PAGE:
For many people, caring for their mouths means to keep their teeth white, having a fresh breath and avoiding gum disease. This is a good oral hygiene routine but we are neglecting one very important component and that is strong enamel. Your enamel is the outer covering of your teeth and the tissue acts as a protective shell. Enamel is the hardest part of the human body. It protects your teeth against everyday chewing and grinding. It also protects against different food temperatures and chemicals that could damage your teeth. If your enamel has been damaged it could cause problems such as dingy-looking teeth or you could develop periodontal disease. Obviously the enamel on your teeth will have some wear and tear which is unavoidable, but too much is not healthy for your mouth. Once the damage to the enamel has been done it can never be repaired again. That is why it is essential to help keep your enamel strong and here are a few tips to do that.
Decrease your sugar intake
It is nothing new that sugar is bad for your teeth. If the sugar is not removed by brushing right away it becomes soft and after a time wears away your enamel. You would be surprised to find not only chocolates, soft drinks and cookies contain high volumes of sugar, but so do many healthy foods. Fruits cereals tea and bread also contain sugars that can be harmful to your enamel if left too long in the mouth. Stick to nature’s best beverage water when you are thirsty. Try sugarless foods and candies as an alternative. But take note that the artificial sweeteners can also damage the enamel because it contains certain acids that erode the coating of the teeth. Try brushing your teeth after your have eaten any sweats, but keep in mind that acidic foods soften your enamel temporarily, and is therefore more prone to be damaged, so wait for at least an hour before brushing.
Be gentle while brushing your teeth
Please remember to that by brushing your teeth too hard you can wear away your enamel. Using a small amount of toothpaste on your toothbrush hold it at a 45-degree angle against your gum line. Gently brush from the gum line to the chewing surface of the tooth in short strokes. Be careful not to Brush too hard because it can cause receding gums, tooth sensitivity, and, over time, loose teeth. Brush all of the teeth in your mouth this way. Make sure to brush on the inside and outside of the teeth. You should be brushing your teeth for at least two minutes with a soft bristle toothbrush. Your toothpaste should also be for your specific oral needs. You can ask your dentist for the correct toothpaste for sensitivity, tartar and gum disease.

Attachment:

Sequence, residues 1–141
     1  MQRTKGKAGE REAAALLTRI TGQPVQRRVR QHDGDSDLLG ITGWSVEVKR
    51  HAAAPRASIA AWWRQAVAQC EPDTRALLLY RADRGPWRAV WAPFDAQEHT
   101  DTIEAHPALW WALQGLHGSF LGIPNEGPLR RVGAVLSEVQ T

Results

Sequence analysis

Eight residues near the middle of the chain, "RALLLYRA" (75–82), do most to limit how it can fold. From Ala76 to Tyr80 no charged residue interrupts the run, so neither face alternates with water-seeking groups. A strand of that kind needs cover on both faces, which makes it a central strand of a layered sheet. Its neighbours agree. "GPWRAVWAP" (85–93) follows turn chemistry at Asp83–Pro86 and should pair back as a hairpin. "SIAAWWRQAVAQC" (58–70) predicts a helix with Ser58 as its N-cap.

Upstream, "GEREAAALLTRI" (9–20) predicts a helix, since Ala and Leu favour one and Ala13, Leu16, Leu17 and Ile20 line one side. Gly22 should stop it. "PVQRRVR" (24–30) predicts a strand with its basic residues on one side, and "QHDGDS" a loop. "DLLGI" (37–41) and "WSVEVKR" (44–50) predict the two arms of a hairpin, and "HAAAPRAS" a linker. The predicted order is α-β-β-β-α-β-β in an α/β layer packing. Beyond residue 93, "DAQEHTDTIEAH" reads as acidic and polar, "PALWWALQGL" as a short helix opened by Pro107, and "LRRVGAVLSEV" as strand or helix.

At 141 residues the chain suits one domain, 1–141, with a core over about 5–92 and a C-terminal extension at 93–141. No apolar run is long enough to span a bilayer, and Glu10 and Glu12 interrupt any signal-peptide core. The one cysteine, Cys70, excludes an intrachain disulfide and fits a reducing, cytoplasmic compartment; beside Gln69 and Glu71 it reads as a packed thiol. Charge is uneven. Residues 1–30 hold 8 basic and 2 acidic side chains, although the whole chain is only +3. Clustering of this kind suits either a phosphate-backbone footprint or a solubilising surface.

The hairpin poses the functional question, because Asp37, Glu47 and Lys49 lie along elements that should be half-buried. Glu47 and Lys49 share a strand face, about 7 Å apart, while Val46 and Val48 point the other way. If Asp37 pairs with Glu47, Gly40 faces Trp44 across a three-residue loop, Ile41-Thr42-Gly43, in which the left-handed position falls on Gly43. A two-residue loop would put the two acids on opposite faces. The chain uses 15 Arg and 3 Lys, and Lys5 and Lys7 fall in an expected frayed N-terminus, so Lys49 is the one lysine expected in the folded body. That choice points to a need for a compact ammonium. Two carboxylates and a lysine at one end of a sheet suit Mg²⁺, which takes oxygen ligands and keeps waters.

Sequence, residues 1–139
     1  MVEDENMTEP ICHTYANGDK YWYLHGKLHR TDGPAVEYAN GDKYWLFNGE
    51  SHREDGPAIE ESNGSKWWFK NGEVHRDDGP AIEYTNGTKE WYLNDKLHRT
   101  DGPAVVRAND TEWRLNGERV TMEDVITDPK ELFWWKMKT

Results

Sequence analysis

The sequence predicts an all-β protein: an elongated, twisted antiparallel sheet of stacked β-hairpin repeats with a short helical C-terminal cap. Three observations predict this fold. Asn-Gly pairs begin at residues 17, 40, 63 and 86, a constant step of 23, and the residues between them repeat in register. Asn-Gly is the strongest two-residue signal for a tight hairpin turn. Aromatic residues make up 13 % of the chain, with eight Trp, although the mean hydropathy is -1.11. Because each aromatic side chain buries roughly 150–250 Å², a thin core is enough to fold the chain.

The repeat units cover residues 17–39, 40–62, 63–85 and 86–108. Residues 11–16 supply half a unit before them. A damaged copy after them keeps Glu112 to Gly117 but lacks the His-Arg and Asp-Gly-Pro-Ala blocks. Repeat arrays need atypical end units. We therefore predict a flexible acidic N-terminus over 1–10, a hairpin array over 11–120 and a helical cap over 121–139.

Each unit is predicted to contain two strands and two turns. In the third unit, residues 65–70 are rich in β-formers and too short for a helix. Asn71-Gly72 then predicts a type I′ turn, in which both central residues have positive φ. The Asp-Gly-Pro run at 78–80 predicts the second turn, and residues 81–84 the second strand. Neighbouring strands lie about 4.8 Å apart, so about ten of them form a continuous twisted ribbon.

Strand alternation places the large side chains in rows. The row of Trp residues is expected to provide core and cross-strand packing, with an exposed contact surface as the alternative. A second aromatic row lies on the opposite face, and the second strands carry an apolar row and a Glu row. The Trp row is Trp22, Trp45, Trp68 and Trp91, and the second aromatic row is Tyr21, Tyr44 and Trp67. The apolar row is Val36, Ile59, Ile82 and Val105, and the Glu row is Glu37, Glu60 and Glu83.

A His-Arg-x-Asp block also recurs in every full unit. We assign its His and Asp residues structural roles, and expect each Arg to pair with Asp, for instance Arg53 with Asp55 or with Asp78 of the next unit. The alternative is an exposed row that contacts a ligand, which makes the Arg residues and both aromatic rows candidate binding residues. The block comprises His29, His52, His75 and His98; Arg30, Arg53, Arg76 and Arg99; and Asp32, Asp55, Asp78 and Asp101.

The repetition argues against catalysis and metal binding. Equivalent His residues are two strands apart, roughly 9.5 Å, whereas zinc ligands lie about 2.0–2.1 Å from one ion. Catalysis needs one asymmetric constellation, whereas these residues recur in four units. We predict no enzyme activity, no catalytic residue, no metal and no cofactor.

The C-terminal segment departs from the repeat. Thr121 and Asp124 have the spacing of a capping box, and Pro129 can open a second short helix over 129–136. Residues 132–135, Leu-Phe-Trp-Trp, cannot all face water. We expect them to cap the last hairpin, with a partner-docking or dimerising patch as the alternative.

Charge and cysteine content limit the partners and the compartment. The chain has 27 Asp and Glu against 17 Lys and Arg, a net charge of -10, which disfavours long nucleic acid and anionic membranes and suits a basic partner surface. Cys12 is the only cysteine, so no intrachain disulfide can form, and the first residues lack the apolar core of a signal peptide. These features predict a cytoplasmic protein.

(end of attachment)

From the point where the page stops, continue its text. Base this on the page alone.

Be aware of dry mouth
Dry mouth, also known as Xerostomia, is too easily shrugged off as everyday thirst. If left untreated it can cause real damage to the mouth. This condition happens if the body can’t produce enough saliva or the saliva is depleted for some or other reason. Your saliva is important because it washes away sugars and other substances that cause cavities. Smoking and some chronic medications cause Xerostomia, but so do ailments that cause you to vomit, sweat and get fevers.
Xerostomia can lead to sores in the mouth, cracked lips; a burning sensation in the mouth as well as rawness on the tongue, these oral issues could be the symptoms of more serious illness and disease. It could signify diabetes, hypertension, mumps, anemia and even Parkinson’s disease. Talk to your dentist if you have prolonged dry mouth. He or she will recommend the correct medications or they will ask you so see your medical doctor. For a temporary solution for your dry mouth chew sugar-free gum and drink lots of water.
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